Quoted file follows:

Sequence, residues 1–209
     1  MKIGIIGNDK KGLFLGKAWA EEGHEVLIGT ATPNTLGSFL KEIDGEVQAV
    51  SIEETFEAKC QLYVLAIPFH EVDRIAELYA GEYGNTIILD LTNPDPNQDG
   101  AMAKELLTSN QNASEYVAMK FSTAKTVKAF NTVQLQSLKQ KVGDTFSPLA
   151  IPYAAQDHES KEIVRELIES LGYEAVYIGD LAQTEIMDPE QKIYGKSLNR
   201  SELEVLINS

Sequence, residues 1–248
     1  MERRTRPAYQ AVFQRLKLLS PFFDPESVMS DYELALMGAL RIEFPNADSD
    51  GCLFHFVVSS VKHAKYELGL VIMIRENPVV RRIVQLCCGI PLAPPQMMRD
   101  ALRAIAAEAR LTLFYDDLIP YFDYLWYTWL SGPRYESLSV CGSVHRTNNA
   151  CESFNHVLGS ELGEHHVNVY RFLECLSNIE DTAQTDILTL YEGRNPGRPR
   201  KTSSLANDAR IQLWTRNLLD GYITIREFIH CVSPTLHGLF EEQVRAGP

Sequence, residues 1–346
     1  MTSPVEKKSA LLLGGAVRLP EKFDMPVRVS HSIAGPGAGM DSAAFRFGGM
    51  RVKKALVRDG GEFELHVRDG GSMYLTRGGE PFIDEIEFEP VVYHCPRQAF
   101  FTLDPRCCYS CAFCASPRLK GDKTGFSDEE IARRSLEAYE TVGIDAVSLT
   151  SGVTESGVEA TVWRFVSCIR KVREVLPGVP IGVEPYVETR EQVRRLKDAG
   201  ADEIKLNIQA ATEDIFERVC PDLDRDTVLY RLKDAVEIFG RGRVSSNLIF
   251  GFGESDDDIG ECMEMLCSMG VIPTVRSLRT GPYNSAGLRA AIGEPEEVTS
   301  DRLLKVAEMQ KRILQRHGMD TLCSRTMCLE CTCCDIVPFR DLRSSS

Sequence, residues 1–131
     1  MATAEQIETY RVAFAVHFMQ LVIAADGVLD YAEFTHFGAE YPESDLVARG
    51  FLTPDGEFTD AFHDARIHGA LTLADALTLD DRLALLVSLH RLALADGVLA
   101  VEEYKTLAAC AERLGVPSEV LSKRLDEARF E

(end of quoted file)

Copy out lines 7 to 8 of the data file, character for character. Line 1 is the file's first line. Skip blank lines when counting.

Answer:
Sequence, residues 1–248
     1  MERRTRPAYQ AVFQRLKLLS PFFDPESVMS DYELALMGAL RIEFPNADSD